The private sector’s role in development, improving results and enhancing the oceans were among key themes discussed at the annual IMF-World Bank Spring meetings in Washington earlier this month.
'The Springs' meetings attract thousands of people from government, private sector, civil society and the media. This year the New Zealand delegation to the Springs was headed by Secretary to the Treasury, Gabs Makhlouf. The Ministry of Foreign Affairs was represented by Development Manager Sue Lancaster (pictured), who attended discussions on World Bank issues, including:
“One key change at the World Bank is the inclusion of civil society in some of the meetings,” says Sue. “One civil society representative noted they used to protest on the streets about the Bank during Springs; now they were inside the building, taking part in and leading discussions. We went on to note that while civil society still criticised the Bank – they were more informed critiques as a result of having access to more information.”
The meetings presented opportunities for New Zealand to take part in a range of bilateral discussions with other countries, high level dialogue on sustainable development (as a prelude to Rio+20) and engage with key bank management on issues of importance to New Zealand.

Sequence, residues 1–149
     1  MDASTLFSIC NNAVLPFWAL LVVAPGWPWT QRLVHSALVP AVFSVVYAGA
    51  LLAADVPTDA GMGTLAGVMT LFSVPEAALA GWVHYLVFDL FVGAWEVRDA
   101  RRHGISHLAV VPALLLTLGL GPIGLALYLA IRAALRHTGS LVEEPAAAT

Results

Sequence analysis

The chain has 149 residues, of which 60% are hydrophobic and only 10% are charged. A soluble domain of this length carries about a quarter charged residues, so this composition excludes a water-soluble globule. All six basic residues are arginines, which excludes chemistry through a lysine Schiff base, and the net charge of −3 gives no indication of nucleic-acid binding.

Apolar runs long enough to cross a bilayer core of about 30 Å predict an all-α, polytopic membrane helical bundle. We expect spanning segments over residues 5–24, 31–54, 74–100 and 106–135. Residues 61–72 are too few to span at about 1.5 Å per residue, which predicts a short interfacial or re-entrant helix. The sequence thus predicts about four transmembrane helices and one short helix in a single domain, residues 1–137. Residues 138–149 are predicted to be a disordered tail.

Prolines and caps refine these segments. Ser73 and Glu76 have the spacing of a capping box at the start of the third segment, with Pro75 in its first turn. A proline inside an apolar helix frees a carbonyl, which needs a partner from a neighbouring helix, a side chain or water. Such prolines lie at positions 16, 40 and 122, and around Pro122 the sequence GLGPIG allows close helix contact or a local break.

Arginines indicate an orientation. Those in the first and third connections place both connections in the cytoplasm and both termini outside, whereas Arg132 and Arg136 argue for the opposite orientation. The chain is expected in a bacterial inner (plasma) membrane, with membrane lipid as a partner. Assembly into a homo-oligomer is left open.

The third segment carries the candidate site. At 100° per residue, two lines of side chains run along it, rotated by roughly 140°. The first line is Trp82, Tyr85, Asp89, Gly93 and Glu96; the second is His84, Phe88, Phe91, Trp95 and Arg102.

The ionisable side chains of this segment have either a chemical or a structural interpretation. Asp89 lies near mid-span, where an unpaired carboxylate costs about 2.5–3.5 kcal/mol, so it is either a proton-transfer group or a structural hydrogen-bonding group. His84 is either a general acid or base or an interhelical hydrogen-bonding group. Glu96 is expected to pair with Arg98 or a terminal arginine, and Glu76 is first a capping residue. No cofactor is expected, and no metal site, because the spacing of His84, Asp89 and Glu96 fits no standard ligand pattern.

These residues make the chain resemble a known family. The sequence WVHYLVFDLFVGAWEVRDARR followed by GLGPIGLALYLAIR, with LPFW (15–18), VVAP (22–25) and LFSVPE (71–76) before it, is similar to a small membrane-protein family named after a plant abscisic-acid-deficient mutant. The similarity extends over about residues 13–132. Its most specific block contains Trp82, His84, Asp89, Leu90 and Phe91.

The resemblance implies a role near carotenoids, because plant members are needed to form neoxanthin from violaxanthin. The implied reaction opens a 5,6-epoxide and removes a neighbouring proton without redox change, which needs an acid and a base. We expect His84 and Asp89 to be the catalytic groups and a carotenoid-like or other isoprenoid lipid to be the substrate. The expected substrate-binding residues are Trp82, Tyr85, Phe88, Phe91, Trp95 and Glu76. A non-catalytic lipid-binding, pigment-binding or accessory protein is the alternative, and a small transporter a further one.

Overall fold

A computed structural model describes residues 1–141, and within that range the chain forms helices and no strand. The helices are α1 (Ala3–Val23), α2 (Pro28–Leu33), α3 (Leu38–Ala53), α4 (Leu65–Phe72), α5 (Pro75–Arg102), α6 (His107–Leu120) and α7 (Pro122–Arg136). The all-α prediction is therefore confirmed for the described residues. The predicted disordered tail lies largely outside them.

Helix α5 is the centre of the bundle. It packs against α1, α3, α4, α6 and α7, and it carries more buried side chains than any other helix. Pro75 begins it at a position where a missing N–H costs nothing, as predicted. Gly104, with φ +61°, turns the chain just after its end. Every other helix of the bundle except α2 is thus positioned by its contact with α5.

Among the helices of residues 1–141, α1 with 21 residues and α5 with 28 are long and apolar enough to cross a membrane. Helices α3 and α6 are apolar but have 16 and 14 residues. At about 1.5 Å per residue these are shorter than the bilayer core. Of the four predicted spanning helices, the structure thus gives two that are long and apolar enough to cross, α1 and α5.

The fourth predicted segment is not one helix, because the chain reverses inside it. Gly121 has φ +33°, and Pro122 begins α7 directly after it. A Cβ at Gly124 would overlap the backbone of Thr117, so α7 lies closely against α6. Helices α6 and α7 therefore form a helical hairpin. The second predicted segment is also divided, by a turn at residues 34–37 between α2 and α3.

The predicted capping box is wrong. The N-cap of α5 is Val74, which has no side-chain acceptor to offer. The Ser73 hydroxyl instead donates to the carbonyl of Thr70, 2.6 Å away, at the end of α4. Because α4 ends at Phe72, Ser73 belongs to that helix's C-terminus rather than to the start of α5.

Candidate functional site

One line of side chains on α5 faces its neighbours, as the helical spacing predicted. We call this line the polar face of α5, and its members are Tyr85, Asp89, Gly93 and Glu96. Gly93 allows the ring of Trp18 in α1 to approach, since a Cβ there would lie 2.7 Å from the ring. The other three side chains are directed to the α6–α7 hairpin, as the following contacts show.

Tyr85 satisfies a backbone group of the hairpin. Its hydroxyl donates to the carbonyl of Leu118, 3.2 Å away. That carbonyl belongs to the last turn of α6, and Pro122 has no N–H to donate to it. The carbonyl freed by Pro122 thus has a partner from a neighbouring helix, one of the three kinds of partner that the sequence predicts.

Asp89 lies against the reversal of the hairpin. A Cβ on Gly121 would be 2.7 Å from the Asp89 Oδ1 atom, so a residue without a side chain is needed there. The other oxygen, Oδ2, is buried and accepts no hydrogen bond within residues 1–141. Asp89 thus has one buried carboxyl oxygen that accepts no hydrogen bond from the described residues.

The Springs also allowed Sue to attend discussions on key issues for the Bank’s concessionary loan fund – the International Development Association. Working parties have been addressing the issues of inclusive growth, IDA’s long term financial sustainability, fragile and conflict affected states and results and effectiveness. New Zealand is on the latter working party which has identified areas where the bank’s results framework and performance can be improved.
New Zealand's profile at the World Bank has increased signficantly as a result of having former Secretary to the Treasury John Whitehead sitting on the board and leading our World Bank Constituency Office (which encompasses Australia, Cambodia, Kiribati, Republic of Korea, Marshall Islands, Federated States of Micronesia, Mongolia, New Zealand, Palau, Papua New Guinea, Samoa, Solomon Islands, Tuvalu and Vanuatu). John's term as Executive Director comes to an end in mid-2013.